AME 33:67-75 (2003)  -  doi:10.3354/ame033067

Marine snow microbial communities: scaling of abundances with aggregate size

Thomas Kiørboe*

Danish Institute for Fisheries Research, Kavalergården 6, 2920 Charlottenlund, Denmark

ABSTRACT: Marine aggregates are inhabited by diverse microbial communities, and the concentration of attached microbes typically exceeds concentrations in the ambient water by orders of magnitude. An extension of the classical Lotka-Volterra model, which includes 3 trophic levels (bacteria, flagellates, ciliates) and considers colonization, detachment, growth and predator-prey interactions on the surface of the particle, was used to examine the processes that govern abundances of attached micro-organisms. Effects of sinking on colonization rates as well as the fractal nature of natural aggregates were also taken into account. As input for the model, I used experimentally determined encounter and detachment rates, and density-dependent growth and grazing rates, as well as information on relevant properties of natural aggregates, all taken from the literature. The model reproduces the temporal development of attached populations of bacteria, flagellates, and ciliates, as observed in experimental systems, and also predicts steady-state abundances of attached micro-organisms that are close to those observed on field-collected aggregates. The model suggests that attached bacterial populations are controlled by flagellate grazing, while flagellate and ciliate populations are governed by colonization and detachment. The model also suggests that microbial populations are turned over rapidly (1 to 20 times d-1) due to continued colonization and detachment. The model overpredicts somewhat the scaling of microbial abundances with aggregate size observed in field-collected aggregates. This may be because it disregards the aggregation/disaggregation dynamics of aggregates, as well as interspecific interactions between bacteria.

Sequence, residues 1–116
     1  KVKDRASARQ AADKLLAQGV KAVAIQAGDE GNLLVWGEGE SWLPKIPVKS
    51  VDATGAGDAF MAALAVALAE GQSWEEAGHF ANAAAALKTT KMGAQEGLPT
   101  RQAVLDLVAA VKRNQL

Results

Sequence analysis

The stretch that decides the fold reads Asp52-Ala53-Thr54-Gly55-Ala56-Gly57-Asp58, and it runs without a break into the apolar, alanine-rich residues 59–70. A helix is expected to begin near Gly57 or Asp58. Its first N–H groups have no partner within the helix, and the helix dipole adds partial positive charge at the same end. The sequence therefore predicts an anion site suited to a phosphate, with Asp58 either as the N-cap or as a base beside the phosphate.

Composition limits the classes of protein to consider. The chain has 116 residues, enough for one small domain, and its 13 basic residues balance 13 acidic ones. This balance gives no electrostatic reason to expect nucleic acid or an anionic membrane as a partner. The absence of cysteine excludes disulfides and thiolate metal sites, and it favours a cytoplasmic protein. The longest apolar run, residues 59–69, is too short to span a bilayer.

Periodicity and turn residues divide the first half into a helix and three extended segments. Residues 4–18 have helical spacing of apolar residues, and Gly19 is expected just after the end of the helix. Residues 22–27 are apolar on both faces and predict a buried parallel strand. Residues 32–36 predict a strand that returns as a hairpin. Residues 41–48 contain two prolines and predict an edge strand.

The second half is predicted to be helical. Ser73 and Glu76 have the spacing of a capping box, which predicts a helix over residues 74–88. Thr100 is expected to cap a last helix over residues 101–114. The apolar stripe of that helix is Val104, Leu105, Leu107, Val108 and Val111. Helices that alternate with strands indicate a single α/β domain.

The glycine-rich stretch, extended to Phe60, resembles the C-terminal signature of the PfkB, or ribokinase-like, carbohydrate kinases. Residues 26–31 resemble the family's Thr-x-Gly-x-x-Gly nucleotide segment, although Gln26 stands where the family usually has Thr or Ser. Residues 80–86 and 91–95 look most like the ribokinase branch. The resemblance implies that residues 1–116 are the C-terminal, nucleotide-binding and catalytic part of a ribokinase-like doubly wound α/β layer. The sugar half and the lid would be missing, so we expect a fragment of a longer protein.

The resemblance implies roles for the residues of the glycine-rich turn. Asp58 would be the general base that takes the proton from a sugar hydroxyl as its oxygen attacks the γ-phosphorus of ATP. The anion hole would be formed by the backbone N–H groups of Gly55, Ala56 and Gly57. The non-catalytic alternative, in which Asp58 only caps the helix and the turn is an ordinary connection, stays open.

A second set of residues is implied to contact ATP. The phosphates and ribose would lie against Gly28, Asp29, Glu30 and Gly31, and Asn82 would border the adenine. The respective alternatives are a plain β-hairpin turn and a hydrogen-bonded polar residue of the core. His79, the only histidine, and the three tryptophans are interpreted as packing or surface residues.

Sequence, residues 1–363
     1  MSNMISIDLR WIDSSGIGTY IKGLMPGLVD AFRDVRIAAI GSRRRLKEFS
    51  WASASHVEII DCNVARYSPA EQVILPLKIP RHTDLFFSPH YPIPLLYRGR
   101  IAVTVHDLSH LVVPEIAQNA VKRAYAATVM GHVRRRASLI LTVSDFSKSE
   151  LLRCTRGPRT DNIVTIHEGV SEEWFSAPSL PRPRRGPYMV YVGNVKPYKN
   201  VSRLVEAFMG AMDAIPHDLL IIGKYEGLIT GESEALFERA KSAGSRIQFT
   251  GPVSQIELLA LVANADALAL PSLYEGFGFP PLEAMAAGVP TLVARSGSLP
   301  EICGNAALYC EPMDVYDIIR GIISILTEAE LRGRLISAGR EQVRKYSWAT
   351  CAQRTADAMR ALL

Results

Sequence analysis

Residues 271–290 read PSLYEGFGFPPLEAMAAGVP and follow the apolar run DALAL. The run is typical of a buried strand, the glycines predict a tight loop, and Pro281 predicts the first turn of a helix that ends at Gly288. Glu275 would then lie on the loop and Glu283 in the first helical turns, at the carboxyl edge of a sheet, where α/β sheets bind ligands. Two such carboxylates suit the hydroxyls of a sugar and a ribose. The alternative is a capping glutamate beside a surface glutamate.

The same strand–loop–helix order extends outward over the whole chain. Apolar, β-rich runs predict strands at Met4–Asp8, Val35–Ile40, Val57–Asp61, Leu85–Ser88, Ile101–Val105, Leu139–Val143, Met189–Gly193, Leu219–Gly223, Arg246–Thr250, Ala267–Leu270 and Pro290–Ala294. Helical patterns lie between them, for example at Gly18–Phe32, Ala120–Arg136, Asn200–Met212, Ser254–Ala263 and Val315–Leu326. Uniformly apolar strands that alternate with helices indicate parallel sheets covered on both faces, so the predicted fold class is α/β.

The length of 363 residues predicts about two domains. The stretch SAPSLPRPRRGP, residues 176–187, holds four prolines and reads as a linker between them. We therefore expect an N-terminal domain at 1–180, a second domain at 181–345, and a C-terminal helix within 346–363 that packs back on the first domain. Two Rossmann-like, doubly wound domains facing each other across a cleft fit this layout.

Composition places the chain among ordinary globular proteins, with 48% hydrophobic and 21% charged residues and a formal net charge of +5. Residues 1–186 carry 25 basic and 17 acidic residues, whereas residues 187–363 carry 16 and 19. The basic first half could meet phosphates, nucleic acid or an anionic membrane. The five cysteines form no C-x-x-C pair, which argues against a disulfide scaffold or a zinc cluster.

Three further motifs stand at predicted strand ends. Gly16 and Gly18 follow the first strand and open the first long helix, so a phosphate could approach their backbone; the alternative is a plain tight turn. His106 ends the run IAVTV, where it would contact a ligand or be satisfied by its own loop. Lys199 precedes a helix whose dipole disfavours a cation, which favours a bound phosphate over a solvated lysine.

KEY WORDS: Microbial population dynamics · Colonization · Grazing rates · Detachment rates · Growth rates · Fluid dynamics

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